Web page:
Enhancing Data-Driven Decision-Making in EA Water Resources ManagementJeff
The Laser Pulse East Africa Project on Water Security (LPEAWS) aims to provide water information, data access, decision support, and training to improve water resources (quantity, quality) management and, ultimately, water security in East Africa. This project focuses on the three East African countries—Kenya, Tanzania, and Uganda; water resources challenges are similar among the three countries even though localized climates may differ substantially. Research and translation work is focused on three key watersheds, Sasumua River Watershed (Kenya), Simiyu River Watershed (Tanzania), and Murchison Bay Watershed (Uganda), as study areas. These watersheds represent a variety of: landscapes from mountainous to coastal; and, threats to water security including urbanization, climate change, and land degradation.
Led by Margaret Gitau of Purdue University, the project is a collaborative effort involving partners in both research (Subira Munishi, University of Dar es Salaam, Tanzania; Nicholas Kiggundu, Makerere University, Uganda; Daniel Moriasi, USDA-ARS) and research translation (Bancy Mati, Resource Plan, Kenya; Victor Kongo, Global Water Partnership Tanzania; James Kisekka, Aidenvironment, Uganda). This May, the project team held a very successful meeting of water resources stakeholders in the three countries.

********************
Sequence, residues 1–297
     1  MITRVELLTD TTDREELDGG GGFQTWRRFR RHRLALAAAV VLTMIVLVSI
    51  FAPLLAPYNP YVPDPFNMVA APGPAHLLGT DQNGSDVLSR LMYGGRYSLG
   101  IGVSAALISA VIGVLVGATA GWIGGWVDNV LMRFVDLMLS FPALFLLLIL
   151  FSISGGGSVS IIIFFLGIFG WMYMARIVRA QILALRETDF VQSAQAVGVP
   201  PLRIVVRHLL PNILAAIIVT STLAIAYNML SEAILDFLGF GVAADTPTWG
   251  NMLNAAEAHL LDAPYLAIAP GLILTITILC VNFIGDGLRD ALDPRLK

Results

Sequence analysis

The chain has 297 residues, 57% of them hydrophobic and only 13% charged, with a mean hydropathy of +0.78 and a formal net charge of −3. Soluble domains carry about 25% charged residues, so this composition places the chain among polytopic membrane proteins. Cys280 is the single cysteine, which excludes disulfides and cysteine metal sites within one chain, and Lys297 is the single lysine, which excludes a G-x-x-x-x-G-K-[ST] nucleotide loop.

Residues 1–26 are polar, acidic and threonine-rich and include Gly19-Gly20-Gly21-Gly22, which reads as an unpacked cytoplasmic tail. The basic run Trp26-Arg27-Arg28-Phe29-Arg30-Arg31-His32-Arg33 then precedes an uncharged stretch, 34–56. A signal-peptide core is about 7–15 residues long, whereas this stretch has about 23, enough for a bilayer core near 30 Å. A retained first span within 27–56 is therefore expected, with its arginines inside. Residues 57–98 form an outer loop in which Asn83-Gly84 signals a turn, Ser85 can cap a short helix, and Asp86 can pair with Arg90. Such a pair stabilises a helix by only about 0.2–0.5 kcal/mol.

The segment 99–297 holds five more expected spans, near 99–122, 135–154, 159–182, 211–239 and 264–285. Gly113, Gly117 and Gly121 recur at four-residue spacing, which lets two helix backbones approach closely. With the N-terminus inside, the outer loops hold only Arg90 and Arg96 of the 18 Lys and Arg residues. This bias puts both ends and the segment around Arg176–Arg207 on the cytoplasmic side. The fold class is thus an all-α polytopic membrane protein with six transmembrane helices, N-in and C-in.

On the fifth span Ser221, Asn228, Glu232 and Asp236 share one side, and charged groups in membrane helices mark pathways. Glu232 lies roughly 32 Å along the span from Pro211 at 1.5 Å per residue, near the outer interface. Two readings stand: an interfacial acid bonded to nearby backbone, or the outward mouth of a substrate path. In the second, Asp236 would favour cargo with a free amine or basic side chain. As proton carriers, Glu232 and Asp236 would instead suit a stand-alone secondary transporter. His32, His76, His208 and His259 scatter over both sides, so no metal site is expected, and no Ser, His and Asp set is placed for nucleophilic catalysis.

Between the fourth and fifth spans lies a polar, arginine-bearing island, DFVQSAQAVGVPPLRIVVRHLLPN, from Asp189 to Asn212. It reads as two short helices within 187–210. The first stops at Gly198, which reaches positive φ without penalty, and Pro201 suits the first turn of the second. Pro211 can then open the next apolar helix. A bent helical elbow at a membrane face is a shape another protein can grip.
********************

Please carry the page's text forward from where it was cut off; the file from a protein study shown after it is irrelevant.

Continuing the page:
The meeting attracted 72 stakeholders comprising water resources managers, NGO personnel, private industry, policy makers, and academics in the water area. Participants comprised 32% female, 68% male, with an impressive 45% representation from young adults (early career professionals and students) which largely exceeded the project team’s target of 25%. The meeting started with presentations including: an overview of LPEAWS (Dr. Margaret Gitau, Purdue University); context on the management of East African water resources (Prof. Bancy Mati, JKUAT/Resource Plan); the current status of water data collection including experiences, challenges, and lessons learnt (Mr. John Gathagu, The Nature Conservancy); data and policy including use of data to inform policy and policy impacts on data availability (Dr. Benon Zaake and Mr. Tom Kanyike, Uganda Ministry of Water and Environment); and, value addition of stakeholder engagement in monitoring water resources at basin, country and regional levels (Dr. Charles Sokile, Oxford Policy Management). Participants were highly engaged providing valuable insights and suggestions on topics including: data quality; data use for water resources decision making; policy and data; and, water quality status in the basins. The presentation slides can be viewed here.
For more information, please contact Margaret Gitau (email@example.com).